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Have You Heard Of Agoraphobia?

Posted on: December 1, 2020

Individual Counseling Insights brought to you by California Psychotherapeutic Resources, Inc.

Have you heard of agoraphobia? It’s a type of anxiety disorder that leads you to fear and avoid places or situations that might cause you to have a negative reaction — a bit of panic or a general feeling that you’re trapped, helpless or embarrassed.

No surprise — an uptick in agoraphobia has been noted as the Covid-19 pandemic wears on.

Jessica Migala, writing for the website The Healthy, says that “Since the Covid-19 pandemic hit the U.S. in early 2020, a lot of things have changed. In general, people are spending more time at home, either because they have to quarantine, they want to reduce the risk of Covid-19 transmission, or they have lost their livelihood and are unemployed. It’s hard to look at a crowd of people who aren’t wearing face masks and not think—is that really safe?”

The issue is of even more importance to people who were already prone to anxiety before the pandemic changed our lives. “While the mental health impact of this isolation can vary,” Migala goes on to say, “the impact on people who already have anxiety or some level of fear of crowds or interacting with others is undeniable.”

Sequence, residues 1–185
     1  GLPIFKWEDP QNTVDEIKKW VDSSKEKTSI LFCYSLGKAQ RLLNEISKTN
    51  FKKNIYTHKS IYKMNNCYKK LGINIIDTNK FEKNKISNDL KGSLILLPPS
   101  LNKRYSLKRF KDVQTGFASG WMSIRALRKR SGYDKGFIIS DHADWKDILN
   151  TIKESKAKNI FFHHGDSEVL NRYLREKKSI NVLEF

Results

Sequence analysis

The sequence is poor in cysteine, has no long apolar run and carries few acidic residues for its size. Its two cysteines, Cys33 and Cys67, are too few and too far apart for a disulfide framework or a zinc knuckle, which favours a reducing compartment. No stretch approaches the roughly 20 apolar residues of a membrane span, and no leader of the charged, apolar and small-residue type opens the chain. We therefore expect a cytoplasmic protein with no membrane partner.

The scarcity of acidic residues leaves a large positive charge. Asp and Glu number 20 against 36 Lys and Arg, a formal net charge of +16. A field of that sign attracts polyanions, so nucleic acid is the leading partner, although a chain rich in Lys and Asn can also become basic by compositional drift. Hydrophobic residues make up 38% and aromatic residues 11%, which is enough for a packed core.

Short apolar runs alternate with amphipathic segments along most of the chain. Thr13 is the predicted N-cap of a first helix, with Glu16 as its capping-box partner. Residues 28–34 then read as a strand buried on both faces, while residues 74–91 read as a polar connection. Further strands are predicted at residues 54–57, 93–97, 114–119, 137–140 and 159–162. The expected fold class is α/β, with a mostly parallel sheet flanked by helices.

If any of this hits home for you, check out the full article here — it has some valuable advice on coping with anxiety in general and agoraphobia specifically.

Posted in: Individual Counseling

Disclaimer: The screening tests and videos that are linked on this web site are not designed to provide diagnoses for the various clinical issues. They are intended solely for the purpose of identifying the symptoms of the issues and to help you make a more informed decision about seeking help. An accurate diagnosis for these clinical issues and other psychiatric disorders can only be made by a physician or qualified mental health professional after a complete evaluation. If you have scores that indicate that you meet criteria for these issues or think that you may be at risk, please contact a mental health professional or your physician.